Posted 4th April 2019
If your child is reluctant or refusing to go to school it may stir up complicated feelings – often concern but also frustration and anger (“I am in a rush”, “You just have to do these things!”, “I don’t want to go to work either!”). In the moment, it might be hard to think beyond the inconvenience.
How you respond will depend on many factors, such as the age of your child, whether they seem ill and how you feel about their school. For some children there is a significant emotional aspect to their school refusal (as opposed to physical illness), & they may be staying at home with their parents’ knowledge.
There are three peaks in time when school attendance falls – on starting primary school at 4-5 years old, at the transition to secondary school at 11-12 and also in the mid-teens, when refusing to attend is more ‘successful’. It is normal for there to be times of difficulty in managing the complex academic and social demands of school: after a long break, the beginning of a new school year is often tricky & other times of transition can also be more challenging. Just like a toddler clinging to our legs or hiding behind us when meeting a new person or in a playgroup, there are times which feel just too hard, and the child or young person feels a need to cling to their secure, safe people or things, which can mean staying at home.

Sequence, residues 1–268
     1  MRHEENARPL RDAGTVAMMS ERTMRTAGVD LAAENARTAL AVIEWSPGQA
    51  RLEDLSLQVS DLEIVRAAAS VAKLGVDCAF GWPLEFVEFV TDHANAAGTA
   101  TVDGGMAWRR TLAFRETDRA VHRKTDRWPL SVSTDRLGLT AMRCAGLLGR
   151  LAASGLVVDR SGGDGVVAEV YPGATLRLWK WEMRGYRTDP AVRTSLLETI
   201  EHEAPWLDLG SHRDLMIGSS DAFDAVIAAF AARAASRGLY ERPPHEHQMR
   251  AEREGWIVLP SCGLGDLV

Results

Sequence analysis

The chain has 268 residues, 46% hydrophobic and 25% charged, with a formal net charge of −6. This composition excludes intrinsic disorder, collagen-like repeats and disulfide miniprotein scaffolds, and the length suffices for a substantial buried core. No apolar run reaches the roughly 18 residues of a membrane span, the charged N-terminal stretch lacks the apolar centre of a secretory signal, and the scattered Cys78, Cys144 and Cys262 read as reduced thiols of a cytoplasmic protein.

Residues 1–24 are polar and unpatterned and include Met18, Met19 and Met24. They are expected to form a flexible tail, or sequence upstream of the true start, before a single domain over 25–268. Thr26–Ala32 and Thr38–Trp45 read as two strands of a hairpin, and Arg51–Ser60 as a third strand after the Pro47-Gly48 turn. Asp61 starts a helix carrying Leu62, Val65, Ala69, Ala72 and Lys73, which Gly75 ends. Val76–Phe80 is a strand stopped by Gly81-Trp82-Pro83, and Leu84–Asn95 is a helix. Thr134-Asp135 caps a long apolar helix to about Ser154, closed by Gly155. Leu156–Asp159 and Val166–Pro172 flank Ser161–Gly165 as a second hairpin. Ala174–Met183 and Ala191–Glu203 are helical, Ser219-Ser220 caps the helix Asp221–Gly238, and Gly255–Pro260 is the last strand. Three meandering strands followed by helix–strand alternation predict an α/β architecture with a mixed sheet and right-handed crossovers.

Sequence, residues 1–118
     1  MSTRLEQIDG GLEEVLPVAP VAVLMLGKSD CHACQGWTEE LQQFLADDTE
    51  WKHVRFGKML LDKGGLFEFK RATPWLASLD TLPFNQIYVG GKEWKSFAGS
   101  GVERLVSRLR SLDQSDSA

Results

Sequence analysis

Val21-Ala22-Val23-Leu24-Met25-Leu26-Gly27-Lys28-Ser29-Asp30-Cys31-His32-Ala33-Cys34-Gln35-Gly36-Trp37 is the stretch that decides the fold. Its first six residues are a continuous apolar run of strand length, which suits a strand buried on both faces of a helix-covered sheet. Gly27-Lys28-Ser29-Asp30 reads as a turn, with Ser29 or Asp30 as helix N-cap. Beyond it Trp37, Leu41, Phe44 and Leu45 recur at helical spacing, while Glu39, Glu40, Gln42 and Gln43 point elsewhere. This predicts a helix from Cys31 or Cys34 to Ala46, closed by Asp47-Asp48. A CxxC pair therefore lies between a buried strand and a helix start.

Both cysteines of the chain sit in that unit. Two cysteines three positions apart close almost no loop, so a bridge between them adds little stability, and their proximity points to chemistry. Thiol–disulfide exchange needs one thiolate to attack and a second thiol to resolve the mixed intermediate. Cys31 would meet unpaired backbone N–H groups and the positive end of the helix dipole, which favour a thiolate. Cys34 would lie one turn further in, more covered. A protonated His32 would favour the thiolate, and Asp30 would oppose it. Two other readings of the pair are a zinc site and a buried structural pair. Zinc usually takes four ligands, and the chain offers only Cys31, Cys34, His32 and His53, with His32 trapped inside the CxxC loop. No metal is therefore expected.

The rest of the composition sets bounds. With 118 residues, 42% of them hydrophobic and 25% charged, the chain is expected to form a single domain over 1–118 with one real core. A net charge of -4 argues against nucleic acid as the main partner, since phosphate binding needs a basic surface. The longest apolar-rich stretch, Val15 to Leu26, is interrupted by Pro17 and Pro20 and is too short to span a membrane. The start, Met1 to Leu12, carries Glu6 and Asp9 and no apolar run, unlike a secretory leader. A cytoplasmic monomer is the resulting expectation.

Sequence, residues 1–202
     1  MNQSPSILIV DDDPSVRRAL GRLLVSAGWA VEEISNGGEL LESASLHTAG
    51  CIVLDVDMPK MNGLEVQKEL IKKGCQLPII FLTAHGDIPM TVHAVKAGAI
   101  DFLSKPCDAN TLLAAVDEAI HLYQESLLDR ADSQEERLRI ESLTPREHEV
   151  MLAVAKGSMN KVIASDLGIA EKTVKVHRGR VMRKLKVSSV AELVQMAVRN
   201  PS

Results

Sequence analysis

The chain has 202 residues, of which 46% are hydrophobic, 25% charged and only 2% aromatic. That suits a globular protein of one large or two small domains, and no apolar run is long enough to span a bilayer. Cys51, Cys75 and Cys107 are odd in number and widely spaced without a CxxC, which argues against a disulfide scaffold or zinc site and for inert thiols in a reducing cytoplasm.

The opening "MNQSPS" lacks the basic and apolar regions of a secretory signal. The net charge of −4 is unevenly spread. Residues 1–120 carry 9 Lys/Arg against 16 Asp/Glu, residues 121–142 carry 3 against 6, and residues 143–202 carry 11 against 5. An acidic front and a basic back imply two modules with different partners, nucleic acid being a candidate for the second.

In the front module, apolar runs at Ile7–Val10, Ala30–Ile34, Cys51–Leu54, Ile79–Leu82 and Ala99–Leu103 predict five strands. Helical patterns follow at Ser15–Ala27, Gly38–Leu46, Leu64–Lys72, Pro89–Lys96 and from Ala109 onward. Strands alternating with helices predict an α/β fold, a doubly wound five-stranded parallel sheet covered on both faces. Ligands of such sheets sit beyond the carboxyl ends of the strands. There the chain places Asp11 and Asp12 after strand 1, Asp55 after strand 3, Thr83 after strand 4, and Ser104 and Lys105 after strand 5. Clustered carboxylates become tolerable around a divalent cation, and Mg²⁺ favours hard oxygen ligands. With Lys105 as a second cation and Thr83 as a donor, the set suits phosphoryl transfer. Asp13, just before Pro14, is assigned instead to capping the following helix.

Why might it be happening?
When you are thinking about your child’s refusal or anxiety about school, an important consideration is: are they fearful of something about (or at) school, or is it more a reluctance to leave home? In the latter situation, you might spot that separating from family at weekends seems equally hard. Often the child or young person may not fully understand this themselves. They feel anxious, panicky and / or miserable and may struggle to sleep before school days, yet be happier during holidays and at weekends.
It is common, particularly in younger children, for anxiety to manifest as tummy aches, headaches or feeling sick. These feelings are usually real, unpleasant sensations rather than being made up, but are often due to conflicting or overwhelming emotions that are turned into physical experiences, without the child being aware of this.
Consider the school environment that your child is experiencing. Is there something frightening, such as being bullied, a teacher they find scary or no-one to sit with at lunch? Are they expecting a lesson that may make them feel embarrassed or ashamed? Have they forgotten or failed to complete some homework or fear failing an exam? The school environment may already be familiar and structured and sometimes be interesting and fun. It can also be boring, irrelevant, noisy, crowded, intimidating, socially complicated and cruel, competitive. At home they are an individual but they may feel overlooked and invisible in school.
There may be something unacceptable going on at school that needs to be addressed before the child can return. Whilst it may feel embarrassing, most children and young people welcome a parent or other adults taking charge when the situation feels overwhelming. The experience of being thought about and taken seriously is incredibly important. Even if the school environment appears reasonable, without anything extreme happening, the experience for a particular child may feel quite different. Some people are more sensitive than others. For example, many of those on the autistic spectrum also have sensory sensitivities and may require ear defenders to cope with busy times or to arrive at school after the school day has settled. The ups and downs of friendships and the desire to be accepted and fit in can feel intensely troubling; some personalities will be more robust and resilient than others.